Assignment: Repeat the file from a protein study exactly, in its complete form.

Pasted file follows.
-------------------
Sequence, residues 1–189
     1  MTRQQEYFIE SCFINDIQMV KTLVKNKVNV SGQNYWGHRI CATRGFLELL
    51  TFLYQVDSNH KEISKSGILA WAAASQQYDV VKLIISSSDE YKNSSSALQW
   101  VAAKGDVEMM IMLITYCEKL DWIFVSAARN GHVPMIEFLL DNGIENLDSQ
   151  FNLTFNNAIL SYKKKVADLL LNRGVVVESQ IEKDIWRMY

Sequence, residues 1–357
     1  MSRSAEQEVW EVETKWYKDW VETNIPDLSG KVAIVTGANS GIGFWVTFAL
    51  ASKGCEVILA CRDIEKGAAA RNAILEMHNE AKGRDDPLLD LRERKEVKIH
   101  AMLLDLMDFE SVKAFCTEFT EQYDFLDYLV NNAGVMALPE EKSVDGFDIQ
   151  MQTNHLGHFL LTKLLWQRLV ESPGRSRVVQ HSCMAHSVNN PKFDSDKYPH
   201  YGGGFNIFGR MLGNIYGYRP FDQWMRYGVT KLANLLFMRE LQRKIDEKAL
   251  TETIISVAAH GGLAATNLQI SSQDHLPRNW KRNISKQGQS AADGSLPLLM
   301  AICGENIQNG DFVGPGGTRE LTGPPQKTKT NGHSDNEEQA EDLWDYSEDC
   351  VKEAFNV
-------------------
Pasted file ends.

Sequence, residues 1–189
     1  MTRQQEYFIE SCFINDIQMV KTLVKNKVNV SGQNYWGHRI CATRGFLELL
    51  TFLYQVDSNH KEISKSGILA WAAASQQYDV VKLIISSSDE YKNSSSALQW
   101  VAAKGDVEMM IMLITYCEKL DWIFVSAARN GHVPMIEFLL DNGIENLDSQ
   151  FNLTFNNAIL SYKKKVADLL LNRGVVVESQ IEKDIWRMY

Sequence, residues 1–357
     1  MSRSAEQEVW EVETKWYKDW VETNIPDLSG KVAIVTGANS GIGFWVTFAL
    51  ASKGCEVILA CRDIEKGAAA RNAILEMHNE AKGRDDPLLD LRERKEVKIH
   101  AMLLDLMDFE SVKAFCTEFT EQYDFLDYLV NNAGVMALPE EKSVDGFDIQ
   151  MQTNHLGHFL LTKLLWQRLV ESPGRSRVVQ HSCMAHSVNN PKFDSDKYPH
   201  YGGGFNIFGR MLGNIYGYRP FDQWMRYGVT KLANLLFMRE LQRKIDEKAL
   251  TETIISVAAH GGLAATNLQI SSQDHLPRNW KRNISKQGQS AADGSLPLLM
   301  AICGENIQNG DFVGPGGTRE LTGPPQKTKT NGHSDNEEQA EDLWDYSEDC
   351  VKEAFNV